There are a record number of deaths from opioid overdoses being reported by the Centers for Disease Control and Prevention each year. From April 2020 to April 2021, an estimated 100,306 people died from drug overdoses, a 28% increase over the previous year. As the numbers continue to rise with no end in sight, novel approaches to battling the opioid epidemic are desperately needed. A new center at the University of Arizona Health Sciences is tackling the opioid crisis through the development of new collaborative research and support for faculty interested in pursuing research in addiction studies.
The Center of Excellence for Addiction Studies (CEAS) will provide key support to develop projects that will lead to new research and increased training opportunities in addiction studies. Todd Vanderah, PhD, and Frank Porreca, PhD, interim director and interim associate research director, respectively, of the University of Arizona Health Sciences Comprehensive Pain and Addiction Center, are the co-principal investigators on a $6.6 million National Institute on Drug Abuse grant to develop the CEAS.
“This grant that will allow us to encourage those who want to study substance use disorders” said Dr. Vanderah, head and professor of pharmacology in the UArizona College of Medicine – Tucson and a member of the BIO5 Institute. “If a researcher has something they think might affect addiction, they will be able to explore collaboration with us to pursue these studies. Our goal is to work with investigators to develop ideas that will lead to solutions for the addiction crisis through peer-reviewed published studies and the fostering of new R01 grant proposals to the National Institute of Drug Abuse.”
Resources offered through the CEAS will be available to UArizona researchers as well as scientists at institutions throughout the country, including existing collaborations at Arizona State University, Northern Arizona University, the University of New Mexico and the Texas Tech University Health Sciences Center. Researchers at other institutions can utilize the novel models and advanced testing capabilities at the CEAS to develop new collaborations and studies, gather data necessary for publications and to pursue addiction-related funding.
“We've already heard from some individuals who want to start projects,” Dr. Porreca said. “We'd like to bring researchers who are studying something else into the addiction sciences field. That's the real desired outcome – to bring a lot of new, creative minds to solve the problems that are associated with addiction as a brain disorder.”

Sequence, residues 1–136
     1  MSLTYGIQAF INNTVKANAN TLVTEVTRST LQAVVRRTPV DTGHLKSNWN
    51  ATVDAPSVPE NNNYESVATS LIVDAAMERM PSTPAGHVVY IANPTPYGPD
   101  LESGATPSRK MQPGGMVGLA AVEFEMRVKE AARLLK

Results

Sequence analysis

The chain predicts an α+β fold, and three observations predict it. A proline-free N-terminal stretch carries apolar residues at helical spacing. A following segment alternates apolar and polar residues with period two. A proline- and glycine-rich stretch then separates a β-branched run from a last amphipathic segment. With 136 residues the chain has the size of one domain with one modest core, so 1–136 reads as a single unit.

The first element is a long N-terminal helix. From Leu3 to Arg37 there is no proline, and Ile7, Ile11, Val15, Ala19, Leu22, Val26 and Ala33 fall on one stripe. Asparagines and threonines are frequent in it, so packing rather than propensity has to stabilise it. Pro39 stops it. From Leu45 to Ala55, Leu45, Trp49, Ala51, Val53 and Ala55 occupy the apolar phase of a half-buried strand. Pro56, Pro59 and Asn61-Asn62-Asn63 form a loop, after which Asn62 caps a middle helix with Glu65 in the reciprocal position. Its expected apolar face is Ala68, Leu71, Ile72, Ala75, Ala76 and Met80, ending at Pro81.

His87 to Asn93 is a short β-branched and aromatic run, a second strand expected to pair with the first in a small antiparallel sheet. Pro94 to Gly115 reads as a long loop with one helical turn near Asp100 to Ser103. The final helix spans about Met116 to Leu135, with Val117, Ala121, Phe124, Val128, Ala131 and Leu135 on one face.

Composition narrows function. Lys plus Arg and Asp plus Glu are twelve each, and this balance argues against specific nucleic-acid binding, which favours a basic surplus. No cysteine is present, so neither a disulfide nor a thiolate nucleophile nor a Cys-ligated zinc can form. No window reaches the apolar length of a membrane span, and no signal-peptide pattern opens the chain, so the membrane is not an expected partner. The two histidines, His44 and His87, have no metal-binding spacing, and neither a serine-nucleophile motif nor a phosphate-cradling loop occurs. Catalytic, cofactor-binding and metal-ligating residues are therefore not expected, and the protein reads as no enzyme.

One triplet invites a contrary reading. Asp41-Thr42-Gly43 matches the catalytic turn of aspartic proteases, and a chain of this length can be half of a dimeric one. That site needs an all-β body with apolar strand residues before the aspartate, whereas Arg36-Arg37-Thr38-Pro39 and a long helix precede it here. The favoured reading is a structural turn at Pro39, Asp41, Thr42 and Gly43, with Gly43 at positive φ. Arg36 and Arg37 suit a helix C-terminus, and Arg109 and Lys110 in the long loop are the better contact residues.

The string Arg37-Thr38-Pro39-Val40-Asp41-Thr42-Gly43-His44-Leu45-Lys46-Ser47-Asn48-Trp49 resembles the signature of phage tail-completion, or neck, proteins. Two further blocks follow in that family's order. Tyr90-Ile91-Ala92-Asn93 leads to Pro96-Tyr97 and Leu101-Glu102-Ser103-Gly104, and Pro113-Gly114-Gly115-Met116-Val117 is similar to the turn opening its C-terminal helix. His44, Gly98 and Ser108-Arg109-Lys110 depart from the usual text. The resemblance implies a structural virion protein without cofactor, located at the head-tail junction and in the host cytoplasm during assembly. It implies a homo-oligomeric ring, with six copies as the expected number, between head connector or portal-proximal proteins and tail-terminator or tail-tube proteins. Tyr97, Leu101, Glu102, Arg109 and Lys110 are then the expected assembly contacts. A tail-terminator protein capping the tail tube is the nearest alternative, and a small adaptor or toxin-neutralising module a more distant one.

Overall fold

The CEAS is designed to expand addiction research with a goal of developing therapies that can stem the opioid epidemic and impact other substance abuse disorders. It builds on UArizona Health Sciences’ existing strengths in pain and addiction research by offering that expertise to other scientists and sparking new collaborations.
“Over many years we've built up a strong group of people in the Department of Pharmacology who are researching the mechanisms of pain and chronic pain. There's an undeniable link between opioids and their ability to modulate pain, but also their negative side effects in producing addiction,” said Dr. Porreca, a professor in the Department of Pharmacology at the UArizona College of Medicine – Tucson. “We want to create new approaches to treat addiction. We are uniquely positioned to lead this effort since we have a large group of researchers and facilities that specialize in both areas of research.”
“That's the real desired outcome – to bring a lot of new, creative minds to solve the problems that are associated with addiction as a brain disorder.”Frank Porreca, PhD
The CEAS will focus on the detrimental response of brain circuits linked to addiction with three core area of emphasis: genetics, neuroanalytics and behavior.
The first core, genetic targeting of neural circuits, will allow researchers to employ cutting-edge genetic techniques to evaluate potential mechanisms relevant to addiction. The neuroanalytical core will provide researchers with advanced methods of measuring neurotransmitters through state-of-the-art detection methods. The behavioral core will allow researchers to explore questions relevant to addiction using behavioral tests that evaluate addictive processes including the influence of addictive drugs on cognitive function.
“When we bring these three components together – measuring transmitters and where they act, measuring cell-specific manipulations in brain circuits that can produce and influence behavior, and then measuring the behavior itself – it becomes powerful in putting together projects that can be designed to answer questions relevant to drug addiction and relapse,” Dr. Porreca said.
Additionally, a pilot research project will support exploratory projects to create new technology or approaches that could extend the capacity to do research in addiction sciences.
“The center will serve as a nexus for groups working on addiction research,” Dr. Vanderah said, adding that the CEAS also will promote increased diversity in addiction research by recruiting and training faculty and students from underrepresented populations in neuroscience and addiction science. “It’s not just us; it's serving a whole community of individuals.”